Regeneration and infrastructure are in the spotlight right now with the government committing to a new UK Infrastructure Bank to support and fund public and private projects as well as a £1 billion New Towns deal to increase social and economic regeneration.
Alasdair Lowe, Senior Associate in Glenny’s Regeneration, Infrastructure, and Compulsory Purchase Division, says: “Large infrastructure projects play a huge role in the UK’s development and those classified as nationally significant even more so. Because of the scale of development needed and the public benefit promised, private loss of land is often required which is when Compulsory Purchase Order (CPO) powers come into play.
“Large scale regeneration and infrastructure projects often take place over a long, phased programme of works and it’s important that trust in the CPO system is protected. Strong lines of communication with affected landowners need to be maintained with the utmost respect and sensitivity and representatives of those affected need to be on their mettle to make sure that these standards are upheld so landowners don’t feel left in the dark.”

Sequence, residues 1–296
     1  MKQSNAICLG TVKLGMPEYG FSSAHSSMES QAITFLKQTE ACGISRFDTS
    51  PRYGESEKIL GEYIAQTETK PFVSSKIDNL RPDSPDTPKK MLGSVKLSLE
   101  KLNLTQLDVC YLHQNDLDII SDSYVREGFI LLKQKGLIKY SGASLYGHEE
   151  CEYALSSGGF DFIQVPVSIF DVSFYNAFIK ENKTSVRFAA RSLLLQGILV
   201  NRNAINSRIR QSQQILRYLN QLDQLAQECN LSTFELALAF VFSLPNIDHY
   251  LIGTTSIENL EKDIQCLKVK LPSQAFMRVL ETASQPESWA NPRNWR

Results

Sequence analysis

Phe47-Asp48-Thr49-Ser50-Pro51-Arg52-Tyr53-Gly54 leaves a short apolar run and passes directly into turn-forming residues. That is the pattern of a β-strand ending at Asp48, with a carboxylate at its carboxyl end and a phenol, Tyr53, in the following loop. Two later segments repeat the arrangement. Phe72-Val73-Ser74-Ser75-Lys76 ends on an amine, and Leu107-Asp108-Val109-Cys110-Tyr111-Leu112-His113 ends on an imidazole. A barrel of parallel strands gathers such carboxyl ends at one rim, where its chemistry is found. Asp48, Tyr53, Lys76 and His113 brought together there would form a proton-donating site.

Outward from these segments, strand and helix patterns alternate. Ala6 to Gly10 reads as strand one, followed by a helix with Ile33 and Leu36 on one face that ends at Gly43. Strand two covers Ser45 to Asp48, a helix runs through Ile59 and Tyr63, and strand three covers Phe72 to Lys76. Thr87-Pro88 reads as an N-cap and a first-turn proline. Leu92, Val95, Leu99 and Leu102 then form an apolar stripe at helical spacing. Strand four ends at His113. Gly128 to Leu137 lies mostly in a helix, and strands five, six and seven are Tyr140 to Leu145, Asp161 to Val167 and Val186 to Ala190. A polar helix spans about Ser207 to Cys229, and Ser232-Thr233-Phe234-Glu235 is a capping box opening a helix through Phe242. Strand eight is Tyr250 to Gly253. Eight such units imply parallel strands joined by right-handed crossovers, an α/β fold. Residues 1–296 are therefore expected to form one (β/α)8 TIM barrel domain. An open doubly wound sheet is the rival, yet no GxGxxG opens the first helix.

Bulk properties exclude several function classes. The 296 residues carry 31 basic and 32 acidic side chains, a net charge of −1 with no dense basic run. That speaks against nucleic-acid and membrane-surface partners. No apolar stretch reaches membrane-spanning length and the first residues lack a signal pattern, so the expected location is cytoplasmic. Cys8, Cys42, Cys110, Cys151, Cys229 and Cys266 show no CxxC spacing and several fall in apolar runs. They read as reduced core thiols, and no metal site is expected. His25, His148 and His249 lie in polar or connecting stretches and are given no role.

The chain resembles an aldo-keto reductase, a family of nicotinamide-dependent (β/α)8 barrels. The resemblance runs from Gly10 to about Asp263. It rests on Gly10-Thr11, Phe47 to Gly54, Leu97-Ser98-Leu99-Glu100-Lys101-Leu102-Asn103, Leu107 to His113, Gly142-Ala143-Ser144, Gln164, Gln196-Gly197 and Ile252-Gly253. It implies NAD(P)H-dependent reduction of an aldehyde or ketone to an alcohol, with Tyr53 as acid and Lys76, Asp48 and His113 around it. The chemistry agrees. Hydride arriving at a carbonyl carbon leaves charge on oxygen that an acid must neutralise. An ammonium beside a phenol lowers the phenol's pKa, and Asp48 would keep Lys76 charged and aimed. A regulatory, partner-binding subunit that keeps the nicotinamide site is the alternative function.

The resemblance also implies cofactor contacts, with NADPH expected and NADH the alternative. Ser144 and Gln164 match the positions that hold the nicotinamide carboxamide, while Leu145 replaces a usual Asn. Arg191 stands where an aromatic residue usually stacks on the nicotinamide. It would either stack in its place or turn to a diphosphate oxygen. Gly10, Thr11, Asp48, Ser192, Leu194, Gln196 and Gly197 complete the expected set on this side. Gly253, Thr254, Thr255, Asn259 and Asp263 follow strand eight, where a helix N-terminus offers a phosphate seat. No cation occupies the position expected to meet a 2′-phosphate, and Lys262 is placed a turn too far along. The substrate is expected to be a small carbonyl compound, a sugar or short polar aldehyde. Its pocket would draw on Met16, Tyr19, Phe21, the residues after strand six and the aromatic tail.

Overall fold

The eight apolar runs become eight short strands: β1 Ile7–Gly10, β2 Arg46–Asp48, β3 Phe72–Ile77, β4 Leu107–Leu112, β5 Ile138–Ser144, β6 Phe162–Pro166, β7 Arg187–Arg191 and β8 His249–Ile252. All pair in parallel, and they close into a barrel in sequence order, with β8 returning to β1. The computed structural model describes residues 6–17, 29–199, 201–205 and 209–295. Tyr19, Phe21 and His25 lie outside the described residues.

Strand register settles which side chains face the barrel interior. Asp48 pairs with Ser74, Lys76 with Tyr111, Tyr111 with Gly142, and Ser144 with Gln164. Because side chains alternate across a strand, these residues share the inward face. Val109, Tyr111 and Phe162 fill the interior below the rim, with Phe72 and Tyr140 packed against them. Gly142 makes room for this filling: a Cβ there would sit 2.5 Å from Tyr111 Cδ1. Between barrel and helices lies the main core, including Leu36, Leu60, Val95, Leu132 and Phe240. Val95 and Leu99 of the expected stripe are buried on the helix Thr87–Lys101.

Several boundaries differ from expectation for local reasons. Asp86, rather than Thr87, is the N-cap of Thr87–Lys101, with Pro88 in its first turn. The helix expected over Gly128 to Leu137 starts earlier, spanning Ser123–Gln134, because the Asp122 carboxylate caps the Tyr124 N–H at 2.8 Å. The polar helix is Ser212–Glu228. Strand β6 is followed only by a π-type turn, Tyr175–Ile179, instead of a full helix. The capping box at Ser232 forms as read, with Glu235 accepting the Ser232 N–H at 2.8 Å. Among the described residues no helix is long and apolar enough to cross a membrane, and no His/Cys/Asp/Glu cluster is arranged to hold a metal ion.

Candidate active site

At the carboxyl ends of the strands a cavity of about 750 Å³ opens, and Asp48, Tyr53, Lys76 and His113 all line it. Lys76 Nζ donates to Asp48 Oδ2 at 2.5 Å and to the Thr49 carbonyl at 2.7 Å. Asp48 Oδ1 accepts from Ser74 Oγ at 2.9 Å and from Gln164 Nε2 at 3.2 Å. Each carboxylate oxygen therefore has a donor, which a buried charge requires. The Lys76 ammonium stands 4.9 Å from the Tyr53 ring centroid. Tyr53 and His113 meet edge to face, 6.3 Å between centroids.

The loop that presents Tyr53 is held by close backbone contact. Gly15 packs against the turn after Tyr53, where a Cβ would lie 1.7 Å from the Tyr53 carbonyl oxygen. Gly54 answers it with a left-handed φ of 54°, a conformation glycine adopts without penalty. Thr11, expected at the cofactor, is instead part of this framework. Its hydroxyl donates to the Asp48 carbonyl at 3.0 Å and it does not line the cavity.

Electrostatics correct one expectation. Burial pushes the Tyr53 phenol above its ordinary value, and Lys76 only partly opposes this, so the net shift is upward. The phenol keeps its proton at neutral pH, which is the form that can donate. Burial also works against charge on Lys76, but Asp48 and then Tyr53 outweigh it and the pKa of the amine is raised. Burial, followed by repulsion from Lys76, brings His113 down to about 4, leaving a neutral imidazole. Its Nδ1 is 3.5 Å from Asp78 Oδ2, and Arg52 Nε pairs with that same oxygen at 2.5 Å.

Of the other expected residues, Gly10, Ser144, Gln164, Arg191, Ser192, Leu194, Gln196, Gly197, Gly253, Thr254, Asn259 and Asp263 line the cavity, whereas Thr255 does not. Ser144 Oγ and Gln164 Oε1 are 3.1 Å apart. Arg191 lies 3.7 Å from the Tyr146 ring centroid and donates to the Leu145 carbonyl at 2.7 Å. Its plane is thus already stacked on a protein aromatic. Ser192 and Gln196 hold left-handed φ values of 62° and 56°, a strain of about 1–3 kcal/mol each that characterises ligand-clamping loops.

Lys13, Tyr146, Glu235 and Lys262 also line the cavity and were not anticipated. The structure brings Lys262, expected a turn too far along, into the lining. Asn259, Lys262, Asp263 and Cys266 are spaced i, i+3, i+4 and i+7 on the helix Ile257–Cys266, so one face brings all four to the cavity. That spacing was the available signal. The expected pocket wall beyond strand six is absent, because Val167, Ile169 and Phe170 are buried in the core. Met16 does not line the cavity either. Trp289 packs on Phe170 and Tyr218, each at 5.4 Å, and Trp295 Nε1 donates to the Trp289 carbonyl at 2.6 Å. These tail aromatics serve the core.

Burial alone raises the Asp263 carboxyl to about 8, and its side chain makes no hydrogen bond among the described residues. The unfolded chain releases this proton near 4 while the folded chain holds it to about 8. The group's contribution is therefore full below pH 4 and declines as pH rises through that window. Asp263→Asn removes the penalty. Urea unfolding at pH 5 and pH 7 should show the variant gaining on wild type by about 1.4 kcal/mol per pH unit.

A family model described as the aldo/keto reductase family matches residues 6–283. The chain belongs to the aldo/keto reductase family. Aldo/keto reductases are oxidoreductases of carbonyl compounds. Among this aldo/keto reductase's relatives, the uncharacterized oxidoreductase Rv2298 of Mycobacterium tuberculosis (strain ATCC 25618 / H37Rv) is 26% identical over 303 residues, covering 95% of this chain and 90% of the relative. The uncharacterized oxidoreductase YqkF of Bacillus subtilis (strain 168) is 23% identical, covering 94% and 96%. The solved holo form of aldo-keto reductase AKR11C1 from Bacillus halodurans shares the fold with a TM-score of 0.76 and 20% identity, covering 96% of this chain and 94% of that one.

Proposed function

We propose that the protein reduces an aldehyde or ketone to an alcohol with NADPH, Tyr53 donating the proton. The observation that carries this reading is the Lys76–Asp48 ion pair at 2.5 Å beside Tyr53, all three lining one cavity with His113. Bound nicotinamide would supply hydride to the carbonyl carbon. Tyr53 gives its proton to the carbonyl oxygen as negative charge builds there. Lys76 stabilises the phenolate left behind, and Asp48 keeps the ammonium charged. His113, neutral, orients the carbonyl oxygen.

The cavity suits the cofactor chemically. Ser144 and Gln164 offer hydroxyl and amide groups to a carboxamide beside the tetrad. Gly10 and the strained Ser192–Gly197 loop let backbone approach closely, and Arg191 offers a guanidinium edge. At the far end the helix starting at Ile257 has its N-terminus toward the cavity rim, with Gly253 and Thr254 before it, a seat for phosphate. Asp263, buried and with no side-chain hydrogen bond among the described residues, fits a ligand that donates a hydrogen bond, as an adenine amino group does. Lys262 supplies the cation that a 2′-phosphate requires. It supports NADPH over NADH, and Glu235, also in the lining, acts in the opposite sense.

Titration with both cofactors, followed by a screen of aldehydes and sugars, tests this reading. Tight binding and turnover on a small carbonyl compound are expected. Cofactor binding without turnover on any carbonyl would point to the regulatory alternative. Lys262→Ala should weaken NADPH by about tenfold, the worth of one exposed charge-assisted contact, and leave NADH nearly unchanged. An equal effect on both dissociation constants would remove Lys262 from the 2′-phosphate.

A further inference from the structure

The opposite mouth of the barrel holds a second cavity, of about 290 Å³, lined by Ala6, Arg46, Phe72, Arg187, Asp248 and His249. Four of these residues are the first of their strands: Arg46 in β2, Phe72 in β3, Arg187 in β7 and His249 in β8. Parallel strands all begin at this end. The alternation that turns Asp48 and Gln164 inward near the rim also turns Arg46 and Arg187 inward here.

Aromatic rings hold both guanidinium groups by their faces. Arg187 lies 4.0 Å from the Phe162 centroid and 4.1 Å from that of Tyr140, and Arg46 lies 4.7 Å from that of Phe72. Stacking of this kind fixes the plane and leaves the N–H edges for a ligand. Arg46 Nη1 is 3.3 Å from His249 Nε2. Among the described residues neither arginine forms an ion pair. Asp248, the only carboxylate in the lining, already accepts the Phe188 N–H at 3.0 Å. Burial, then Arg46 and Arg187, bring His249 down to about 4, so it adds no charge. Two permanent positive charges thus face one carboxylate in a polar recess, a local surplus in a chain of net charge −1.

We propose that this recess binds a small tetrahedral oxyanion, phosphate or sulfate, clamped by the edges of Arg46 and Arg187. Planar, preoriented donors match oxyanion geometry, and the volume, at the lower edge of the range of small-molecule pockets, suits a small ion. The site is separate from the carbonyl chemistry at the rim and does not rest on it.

One of the more notable infrastructure projects to hit the headlines last year was the long-awaited Lower Thames Crossing, which was withdrawn as more information about the project was sought by the Planning Inspectorate. Despite being conceived before the pandemic, the plans seemed to fit nicely with the government’s credo to “Build Back Better” until it suffered some widely reported setbacks.
Alasdair comments: “From both an economic and property perspective, the third Thames Crossing ticks a lot of the right boxes, from speeding up the movement of people and goods to doubling road capacity that will ease the burden at the Dartford Tunnel. Time is money, after all, and the Lower Thames Crossing promises more flexibility for occupiers and greater access to the local population.”
So, what's held up the progress and what can we expect next?
A new submission is planned and the government has made a firm commitment to outlawing the sale of new private vehicles with fossil fuel powered internal combustion engines, which suggests that road building will have a large role to play in the country’s future infrastructure planning after all.
“Projects like these are almost guaranteed to become more prevalent in the future and we expect CPO to become more commonplace as a result. To guarantee results in the system, we need to adopt a more human centric approach and make sure that client representation, and indeed protection, is at the heart of what we do and on both sides of the divide. Fair offers and open communication are paramount when dealing with sensitive, life-changing matters like these.”
If confronted with the prospect of Compulsory Purchase, landowners should seek professional advice as fee undertakings are often obtainable from promoters, and fees incurred once powers are confirmed are compensatable provided they are reasonable.
Compensation under the auspices of CPO is a very complex beast, but not one claimants have to face alone.